I ended up with 22 litres of wort at 1.051 (crazy high efficiencies I'm getting), so we're looking at something about 5% with an estimated IBU of 29. Not the bitterest beer I've made (that would be around 106), but that's fine, as I wanted to see what the rye would add.

We also bottled the smoking gun stout. Pretty black stuff. Thom wondered if I overdid it on the roasted malts, and I have a feeling I may have, but more on the fact that the roastiness may obliterate the rauchmalz. A couple of my colleagues did comment on being able to pick out smoked ham flavours though. The gravity didn't drop below 1.018, so it feels rich allright, but I'm afraid the heavy roasts will scare some people away. Time will tell. It may be a different beast when it's conditioned a bit. Still, it's fun to experiment on my colleagues

So, my wife arrived home this afternoon after visiting her parents, and with her she brought a box of beers as a gift from her sister's boyfriend who grew up in east Germany. A selection box of 15 beers from that area, and I only know one of them; Köstritzer. Thanks Chris!

Even with 20% rye the mash was well sticky. A bit like wallpaper paste I thought, but the guys seemed to like the taste of it. Rye porridge. Yum.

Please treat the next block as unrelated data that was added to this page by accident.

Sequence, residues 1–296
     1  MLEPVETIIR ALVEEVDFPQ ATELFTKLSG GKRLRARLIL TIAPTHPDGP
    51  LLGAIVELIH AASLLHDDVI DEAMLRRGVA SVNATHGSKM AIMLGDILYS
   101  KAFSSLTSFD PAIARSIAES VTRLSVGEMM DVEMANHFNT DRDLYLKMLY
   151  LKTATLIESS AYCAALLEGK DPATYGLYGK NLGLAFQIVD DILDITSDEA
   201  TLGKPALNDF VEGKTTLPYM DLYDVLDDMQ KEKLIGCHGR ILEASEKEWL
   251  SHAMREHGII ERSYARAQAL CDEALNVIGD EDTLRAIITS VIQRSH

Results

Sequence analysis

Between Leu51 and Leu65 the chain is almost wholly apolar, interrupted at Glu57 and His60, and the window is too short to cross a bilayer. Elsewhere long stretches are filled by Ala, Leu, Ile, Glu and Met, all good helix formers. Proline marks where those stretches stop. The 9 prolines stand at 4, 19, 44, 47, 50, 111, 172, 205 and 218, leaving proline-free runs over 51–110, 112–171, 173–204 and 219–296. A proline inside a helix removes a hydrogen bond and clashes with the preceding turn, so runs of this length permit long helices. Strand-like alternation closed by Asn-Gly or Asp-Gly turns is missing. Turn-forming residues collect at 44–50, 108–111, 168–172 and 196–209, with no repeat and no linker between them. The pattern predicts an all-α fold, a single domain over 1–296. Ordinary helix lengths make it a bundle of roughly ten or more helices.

Sunday, 1 February 2009

A visit to The James

I mentioned, in a previous post, a Yorkshire-themed bar here in Münster called The James. I'd only popped in once before for a swift Riggwelter, but as my wife and son are away, leaving me to my own devices, I found myself waiting outside for their doors to open. Well, they open at 5:30pm, and I had spent a little time in Pinkus Müller (more about Pinkus another time) before that recovering from a very short shopping spree, so I don't think I was starting too early.

I'm not the type to go for ex-pat kind of bars. I haven't been tempted by the Irish bar in Muenster at all, for example, preferring to "integrate" as much as possible. The James however has been recommended by some colleagues as a nice place to sit for a beer and a chat. And they were right. It has a good mix of clientele, and a very chatty barman/owner who is clearly in love with all things ale, and in particular Yorkshire. He makes regular trips over to ship in bottled beer from Theakstons and Black Sheep, and while he also stocks the likes of Caledonian 80/- and Newkie Brown on draught, he reckons they're going to be unavailable because of all the shenanigans in the brewery ownsership world, with Callie 80/- being left for the local market instead of export. I have no idea, but that's what he said. He had a similar situation with Beamish of course. Anyway, Axel is also a member of CAMRA, so I was able to flick through some CAMRA publications while sitting at the bar. He'd really like to get some cask beer in (I'm avoiding calling it real ale, as I still don't know exactly what that term really means) and pointed out that Germany does have such a tradition still alive and well in parts of Franken and indeed in Düsseldorf's altbier breweries like Füchschen.